Written by Jonathan Nolan, this was the first spectacular film of 2001. I have never had a piece of film noir that left me as refreshingly confused as Memento. Director, Christopher Nolan, steps out of the ordinary even for a noir piece of work. We sit back expecting to view a typical dark and shadowy noir film, but we suddenly find ourselves following the scenes backwards in succession all the way to the “beginning.� In this unique style of storytelling, Nolan opens up with Leonard Shelby (Guy Pearce, L.A. Confidential) shaking a Polaroid, in rewind, of a blood splattered wall. The first 2 minutes of the film moving backwards lets on to the idea of the story being told in reverse. Leonard had a career as an insurance investigator, but now puts forth endless effort to a just and noble cause; a quest to avenge his wife’s (Jorja Fox, CSI) rape/murder. Amidst the fiasco, his wife’s assailants struck him with a damaging blow to the head; this left his memory as something to be desired so that he could only remember a few moments into the past. Every time Leonard wakes up, he has to start over again on his pursuit for vengeance. And because of this audacious and chronologically reversed screenplay, we too as the viewer are left trying to piece together this murder/mystery as soon as the last credit fades from the screen in the beginning. Mass confusion sets in on Leonard as he wakes up every morning to countless letters, post-its and photos that resemble his unknown past. Each morning he walks past the mirror and each morning he rediscovers a canvas of tattoos covering his entire body (for example: “John G raped and murdered your wife�); these markings tell the story from the time his wife was brutally killed up to the last few confusing moments he remembers. Along his epic journey to find justice or any resemblance thereof, Leonard has a couple of people whispering in his ear as to which move to make next. Teddy (Joe Pantoliano, Bad Boys), befriends Leonard in somewhat of a suspicious way with his quick babble and car-salesman like grin. Popping up at the most opportune times, Leonard cautiously accepts Teddy’s self-seeking insights. Natalie (Carrie-Anne Moss, The Matrix) warms up to Leonard quickly because she shares similar dismal circumstances that occurred in her recent past. Sympathetically, Natalie helps Leonard make sense of his scribbled words and the black ink spread across his skin. With Leonard just losing someone, he is very tender and susceptible to the soft touch and kind words of a beautiful woman. A little glimpse into the reality of amnesia is demonstrated as Leonard interacts with Burt, the hotel clerk (Mark Boone Junior, Batman Begins), that rents him a room while he is on his venture. Burt adds a small slice of humor to the film, but in the long run we see he is just looking to cash in on Leonard’s defective memory. Leonard soon becomes aware that Burt is charging him to stay in two rooms, but pays him no mind because his dishonesty is obsolete compared to the villain still at large. Each time we move ahead to the scene chronologically before the one we’ve just seen, we see Leonard become more and more amateurish in his ability to decipher truth. We can only play detective throughout the film and piece together bits to the puzzle as to, not who, but why all this is happening. A streaming black and white prologue plays throughout the film in-between each scene that helps us understand the where, what and how. There is nothing I can pick out of this film that would deter any person that claims to be a movie buff. Watching this movie is a rare treat; you are able to see a never-done-before way of putting the layers together of an already well written script. You will see the story fold itself back up and force you to put together the people’s intentions, the forgotten places and the foreshadowed events as they are taken out of the movie. I would suspect that this movie isn’t for everyone; some will lose interest quickly because of being forced to analyze the complicated format. But for those of us who are looking for a new and innovative way to view film, Memento satisfies that itch to be mentally challenged and does all but surpass perfection.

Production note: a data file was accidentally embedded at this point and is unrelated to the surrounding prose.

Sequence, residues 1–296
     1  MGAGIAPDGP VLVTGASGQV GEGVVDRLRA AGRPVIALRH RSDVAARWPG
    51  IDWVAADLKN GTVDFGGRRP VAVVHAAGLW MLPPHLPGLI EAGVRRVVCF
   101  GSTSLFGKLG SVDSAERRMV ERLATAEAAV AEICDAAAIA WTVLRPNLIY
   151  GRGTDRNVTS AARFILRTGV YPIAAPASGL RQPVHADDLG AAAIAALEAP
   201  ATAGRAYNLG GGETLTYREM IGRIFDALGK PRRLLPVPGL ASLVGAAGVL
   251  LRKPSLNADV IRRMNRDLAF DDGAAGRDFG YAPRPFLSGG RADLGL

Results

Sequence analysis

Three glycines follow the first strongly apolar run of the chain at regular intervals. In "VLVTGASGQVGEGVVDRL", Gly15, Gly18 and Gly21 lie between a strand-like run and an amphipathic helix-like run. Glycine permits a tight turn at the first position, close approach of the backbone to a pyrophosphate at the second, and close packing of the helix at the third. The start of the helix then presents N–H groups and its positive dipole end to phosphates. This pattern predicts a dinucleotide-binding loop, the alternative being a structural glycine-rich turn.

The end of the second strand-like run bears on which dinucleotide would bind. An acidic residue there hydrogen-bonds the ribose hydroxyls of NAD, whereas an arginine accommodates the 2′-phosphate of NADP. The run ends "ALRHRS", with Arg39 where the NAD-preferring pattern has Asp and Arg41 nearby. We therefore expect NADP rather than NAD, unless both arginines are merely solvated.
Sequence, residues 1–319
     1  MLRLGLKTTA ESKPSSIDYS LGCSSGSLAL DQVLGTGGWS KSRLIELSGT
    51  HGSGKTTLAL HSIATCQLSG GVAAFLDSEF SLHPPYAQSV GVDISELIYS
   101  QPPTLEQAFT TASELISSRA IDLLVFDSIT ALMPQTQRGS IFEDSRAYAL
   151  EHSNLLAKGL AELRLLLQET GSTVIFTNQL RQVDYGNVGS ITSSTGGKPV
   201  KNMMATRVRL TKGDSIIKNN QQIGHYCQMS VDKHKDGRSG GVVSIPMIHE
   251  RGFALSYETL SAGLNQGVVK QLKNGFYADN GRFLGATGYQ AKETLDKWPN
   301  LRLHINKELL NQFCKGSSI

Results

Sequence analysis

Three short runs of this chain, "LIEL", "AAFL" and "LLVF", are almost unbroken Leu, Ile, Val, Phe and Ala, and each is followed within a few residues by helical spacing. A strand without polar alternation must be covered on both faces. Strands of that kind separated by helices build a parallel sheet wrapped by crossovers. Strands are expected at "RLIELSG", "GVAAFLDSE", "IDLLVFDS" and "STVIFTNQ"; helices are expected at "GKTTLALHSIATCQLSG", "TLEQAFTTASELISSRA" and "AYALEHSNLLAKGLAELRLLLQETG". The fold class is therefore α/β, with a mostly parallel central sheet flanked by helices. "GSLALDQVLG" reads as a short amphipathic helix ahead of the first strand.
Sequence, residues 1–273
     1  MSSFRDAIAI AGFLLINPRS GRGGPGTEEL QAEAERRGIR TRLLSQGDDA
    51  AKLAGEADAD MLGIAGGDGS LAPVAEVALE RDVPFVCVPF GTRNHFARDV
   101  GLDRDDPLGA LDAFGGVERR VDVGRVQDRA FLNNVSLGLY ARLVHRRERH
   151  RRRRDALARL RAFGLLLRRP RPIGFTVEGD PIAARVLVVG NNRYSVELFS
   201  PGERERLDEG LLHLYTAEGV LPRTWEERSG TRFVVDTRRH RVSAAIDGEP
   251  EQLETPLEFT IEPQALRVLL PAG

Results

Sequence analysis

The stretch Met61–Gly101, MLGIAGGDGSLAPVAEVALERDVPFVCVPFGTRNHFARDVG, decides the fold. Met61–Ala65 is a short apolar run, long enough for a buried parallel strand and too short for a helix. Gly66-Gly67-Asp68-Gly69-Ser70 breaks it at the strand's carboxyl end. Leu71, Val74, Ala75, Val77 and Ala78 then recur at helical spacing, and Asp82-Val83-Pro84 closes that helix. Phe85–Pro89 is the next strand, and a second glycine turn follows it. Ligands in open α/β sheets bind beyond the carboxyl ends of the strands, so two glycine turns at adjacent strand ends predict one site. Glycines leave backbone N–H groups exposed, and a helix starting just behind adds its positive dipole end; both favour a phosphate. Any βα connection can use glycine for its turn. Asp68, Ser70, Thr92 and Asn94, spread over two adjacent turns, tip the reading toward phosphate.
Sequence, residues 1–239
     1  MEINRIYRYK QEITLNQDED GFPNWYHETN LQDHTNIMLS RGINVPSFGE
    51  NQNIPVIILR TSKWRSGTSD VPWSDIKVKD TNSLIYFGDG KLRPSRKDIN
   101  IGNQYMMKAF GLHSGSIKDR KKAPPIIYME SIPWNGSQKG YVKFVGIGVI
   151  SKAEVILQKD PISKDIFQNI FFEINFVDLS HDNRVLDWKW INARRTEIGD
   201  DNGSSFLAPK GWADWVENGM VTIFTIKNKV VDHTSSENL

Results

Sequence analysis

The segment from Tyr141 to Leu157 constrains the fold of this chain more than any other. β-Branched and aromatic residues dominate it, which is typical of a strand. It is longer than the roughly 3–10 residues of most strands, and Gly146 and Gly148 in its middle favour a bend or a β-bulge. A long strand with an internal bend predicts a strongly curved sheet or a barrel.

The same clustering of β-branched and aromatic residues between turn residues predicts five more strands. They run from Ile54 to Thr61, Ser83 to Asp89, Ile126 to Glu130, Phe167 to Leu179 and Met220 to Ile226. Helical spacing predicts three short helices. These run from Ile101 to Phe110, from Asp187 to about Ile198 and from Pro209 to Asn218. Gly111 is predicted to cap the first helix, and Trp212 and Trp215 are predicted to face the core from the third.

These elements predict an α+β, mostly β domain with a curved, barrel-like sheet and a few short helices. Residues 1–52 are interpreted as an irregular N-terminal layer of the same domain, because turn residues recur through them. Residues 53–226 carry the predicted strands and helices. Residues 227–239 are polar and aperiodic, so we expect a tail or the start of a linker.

Knuckles5150

Written by Jonathan Nolan, this was the first spectacular film of 2001. I have never had a piece of film noir that left me as refreshingly confused as Memento. Director, Christopher Nolan, steps out of the ordinary even for a noir piece of work. We sit back expecting to view a typical dark and shadowy noir film, but we suddenly find ourselves following the scenes backwards in succession all the way to the “beginning.� In this unique style of storytelling, Nolan opens up with Leonard Shelby (Guy Pearce, L.A. Confidential) shaking a Polaroid, in rewind, of a blood splattered wall. The first 2 minutes of the film moving backwards lets on to the idea of the story being told in reverse. Leonard had a career as an insurance investigator, but now puts forth endless effort to a just and noble cause; a quest to avenge his wife’s (Jorja Fox, CSI) rape/murder. Amidst the fiasco, his wife’s assailants struck him with a damaging blow to the head; this left his memory as something to be desired so that he could only remember a few moments into the past. Every time Leonard wakes up, he has to start over again on his pursuit for vengeance. And because of this audacious and chronologically reversed screenplay, we too as the viewer are left trying to piece together this murder/mystery as soon as the last credit fades from the screen in the beginning. Mass confusion sets in on Leonard as he wakes up every morning to countless letters, post-its and photos that resemble his unknown past. Each morning he walks past the mirror and each morning he rediscovers a canvas of tattoos covering his entire body (for example: “John G raped and murdered your wife�); these markings tell the story from the time his wife was brutally killed up to the last few confusing moments he remembers. Along his epic journey to find justice or any resemblance thereof, Leonard has a couple of people whispering in his ear as to which move to make next. Teddy (Joe Pantoliano, Bad Boys), befriends Leonard in somewhat of a suspicious way with his quick babble and car-salesman like grin. Popping up at the most opportune times, Leonard cautiously accepts Teddy’s self-seeking insights. Natalie (Carrie-Anne Moss, The Matrix) warms up to Leonard quickly because she shares similar dismal circumstances that occurred in her recent past. Sympathetically, Natalie helps Leonard make sense of his scribbled words and the black ink spread across his skin. With Leonard just losing someone, he is very tender and susceptible to the soft touch and kind words of a beautiful woman. A little glimpse into the reality of amnesia is demonstrated as Leonard interacts with Burt, the hotel clerk (Mark Boone Junior, Batman Begins), that rents him a room while he is on his venture. Burt adds a small slice of humor to the film, but in the long run we see he is just looking to cash in on Leonard’s defective memory. Leonard soon becomes aware that Burt is charging him to stay in two rooms, but pays him no mind because his dishonesty is obsolete compared to the villain still at large. Each time we move ahead to the scene chronologically before the one we’ve just seen, we see Leonard become more and more amateurish in his ability to decipher truth. We can only play detective throughout the film and piece together bits to the puzzle as to, not who, but why all this is happening. A streaming black and white prologue plays throughout the film in-between each scene that helps us understand the where, what and how. There is nothing I can pick out of this film that would deter any person that claims to be a movie buff. Watching this movie is a rare treat; you are able to see a never-done-before way of putting the layers together of an already well written script. You will see the story fold itself back up and force you to put together the people’s intentions, the forgotten places and the foreshadowed events as they are taken out of the movie. I would suspect that this movie isn’t for everyone; some will lose interest quickly because of being forced to analyze the complicated format. But for those of us who are looking for a new and innovative way to view film, Memento satisfies that itch to be mentally challenged and does all but surpass perfection.